The consumer watchdog has vowed it will “forensically” examine possible price gouging at the checkout as part of its 12-month inquiry into the supermarket industry.

The inquiry follows accusations major supermarkets had been significantly increasing prices on fresh produce compared to what they were paying farmers and suppliers for products such as fruit, vegetables and meat.

Australian Competition and Consumer Commission deputy chair Mick Keogh said the industry had rapidly changed since its last inquiry into the sector in 2008.

“The focus will be on the extent to which there’s competition between supermarkets and the margins that are gained on the way through the supply chains,” he said.

“This will give us the opportunity to quite forensically look at those pieces of information and get to the bottom of what is going on there.”

Mr Keogh said the surge of online retailing in supermarkets and consolidation in supply chains will also come under the microscope as part of the inquiry.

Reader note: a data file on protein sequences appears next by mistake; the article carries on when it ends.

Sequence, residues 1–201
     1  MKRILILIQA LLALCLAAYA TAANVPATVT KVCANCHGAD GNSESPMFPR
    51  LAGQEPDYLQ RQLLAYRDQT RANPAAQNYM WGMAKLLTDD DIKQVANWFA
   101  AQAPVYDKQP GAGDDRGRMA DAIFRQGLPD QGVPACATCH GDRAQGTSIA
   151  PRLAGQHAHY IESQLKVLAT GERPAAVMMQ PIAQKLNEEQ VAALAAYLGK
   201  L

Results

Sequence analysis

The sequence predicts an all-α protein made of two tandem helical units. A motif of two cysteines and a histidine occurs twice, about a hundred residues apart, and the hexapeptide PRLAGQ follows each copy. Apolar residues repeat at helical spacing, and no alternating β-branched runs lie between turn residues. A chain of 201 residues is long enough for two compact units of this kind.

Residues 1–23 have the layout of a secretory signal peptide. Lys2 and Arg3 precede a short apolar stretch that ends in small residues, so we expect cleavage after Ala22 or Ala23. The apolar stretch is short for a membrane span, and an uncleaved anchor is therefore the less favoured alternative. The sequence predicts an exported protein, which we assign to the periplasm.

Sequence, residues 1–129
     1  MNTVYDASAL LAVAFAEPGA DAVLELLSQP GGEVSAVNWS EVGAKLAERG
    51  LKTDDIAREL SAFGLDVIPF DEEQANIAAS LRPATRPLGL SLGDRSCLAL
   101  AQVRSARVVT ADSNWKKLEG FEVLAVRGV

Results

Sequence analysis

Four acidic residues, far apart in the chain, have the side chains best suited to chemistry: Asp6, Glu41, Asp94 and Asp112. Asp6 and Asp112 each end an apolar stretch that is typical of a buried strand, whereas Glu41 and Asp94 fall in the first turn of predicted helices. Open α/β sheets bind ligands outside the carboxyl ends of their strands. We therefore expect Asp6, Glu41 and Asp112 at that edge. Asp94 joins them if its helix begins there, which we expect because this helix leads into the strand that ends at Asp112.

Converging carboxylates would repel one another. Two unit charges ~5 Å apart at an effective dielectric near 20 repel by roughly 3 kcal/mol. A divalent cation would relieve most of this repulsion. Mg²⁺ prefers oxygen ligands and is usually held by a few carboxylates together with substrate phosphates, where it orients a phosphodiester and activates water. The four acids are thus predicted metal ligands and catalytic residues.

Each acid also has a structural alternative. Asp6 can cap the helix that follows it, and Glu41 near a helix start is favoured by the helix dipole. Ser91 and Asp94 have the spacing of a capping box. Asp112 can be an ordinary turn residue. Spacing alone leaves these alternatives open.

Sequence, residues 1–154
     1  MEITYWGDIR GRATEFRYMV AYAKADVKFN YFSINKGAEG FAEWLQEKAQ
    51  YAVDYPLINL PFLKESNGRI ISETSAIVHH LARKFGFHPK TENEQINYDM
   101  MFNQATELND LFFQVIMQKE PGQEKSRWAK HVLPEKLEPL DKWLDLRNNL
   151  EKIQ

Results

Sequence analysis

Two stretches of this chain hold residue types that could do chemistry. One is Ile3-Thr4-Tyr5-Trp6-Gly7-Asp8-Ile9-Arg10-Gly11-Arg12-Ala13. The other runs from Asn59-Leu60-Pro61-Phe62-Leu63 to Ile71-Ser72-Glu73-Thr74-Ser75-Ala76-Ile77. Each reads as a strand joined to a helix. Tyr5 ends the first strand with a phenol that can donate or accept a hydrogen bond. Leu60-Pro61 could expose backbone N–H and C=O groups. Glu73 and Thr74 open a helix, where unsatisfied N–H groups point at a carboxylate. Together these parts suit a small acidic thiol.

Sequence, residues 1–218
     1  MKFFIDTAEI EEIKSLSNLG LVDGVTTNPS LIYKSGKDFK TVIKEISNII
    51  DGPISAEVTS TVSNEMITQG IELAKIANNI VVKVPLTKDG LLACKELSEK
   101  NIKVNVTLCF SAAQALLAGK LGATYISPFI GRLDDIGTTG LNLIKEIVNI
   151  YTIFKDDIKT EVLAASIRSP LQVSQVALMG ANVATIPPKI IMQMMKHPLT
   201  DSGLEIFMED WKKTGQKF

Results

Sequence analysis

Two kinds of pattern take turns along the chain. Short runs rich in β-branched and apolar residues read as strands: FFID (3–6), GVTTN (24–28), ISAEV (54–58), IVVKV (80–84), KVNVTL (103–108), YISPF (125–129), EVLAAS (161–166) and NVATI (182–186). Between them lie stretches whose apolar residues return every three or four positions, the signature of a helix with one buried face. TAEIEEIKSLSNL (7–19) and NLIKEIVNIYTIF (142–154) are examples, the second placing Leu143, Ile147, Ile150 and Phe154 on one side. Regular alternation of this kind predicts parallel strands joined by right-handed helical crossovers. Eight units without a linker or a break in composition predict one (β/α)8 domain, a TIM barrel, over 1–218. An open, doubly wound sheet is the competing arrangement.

He also said the duopoly of Coles and Woolworths would be a significant focus.

“There’s been significant growth of the two majors, and it still remains the fact that Australia has got one of the most concentrated supermarket sectors in the world.

“Coles, Woolies just became too strong, too big, too powerful and they’ve just basically pushed out anyone else who tried to get in their way.”

Mr Keogh said he was confident of the ACCC inquiry leading to results in the industry.

Woolworths chief executive Brad Banducci said the company would assist the ACCC with its inquiry and acknowledged pressures of the food shop on household budgets.

In a statement, Coles said it looked forward to illustrating to the inquiry how it provided value to customers and its positive relationships with suppliers.

The ACCC probe comes as well as a review of the grocery code of conduct, being overseen by former Labor minister Craig Emerson, along with a Senate inquiry.